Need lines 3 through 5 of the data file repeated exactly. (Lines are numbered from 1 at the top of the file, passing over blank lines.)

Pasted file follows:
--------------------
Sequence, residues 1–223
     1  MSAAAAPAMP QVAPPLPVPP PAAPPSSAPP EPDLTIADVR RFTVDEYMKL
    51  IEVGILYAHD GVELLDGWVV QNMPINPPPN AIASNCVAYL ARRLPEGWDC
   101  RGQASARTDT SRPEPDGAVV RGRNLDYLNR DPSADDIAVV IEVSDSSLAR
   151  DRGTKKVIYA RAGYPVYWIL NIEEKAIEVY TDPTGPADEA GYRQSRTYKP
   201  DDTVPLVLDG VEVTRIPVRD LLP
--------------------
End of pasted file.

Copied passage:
    51  IEVGILYAHD GVELLDGWVV QNMPINPPPN AIASNCVAYL ARRLPEGWDC
   101  RGQASARTDT SRPEPDGAVV RGRNLDYLNR DPSADDIAVV IEVSDSSLAR
   151  DRGTKKVIYA RAGYPVYWIL NIEEKAIEVY TDPTGPADEA GYRQSRTYKP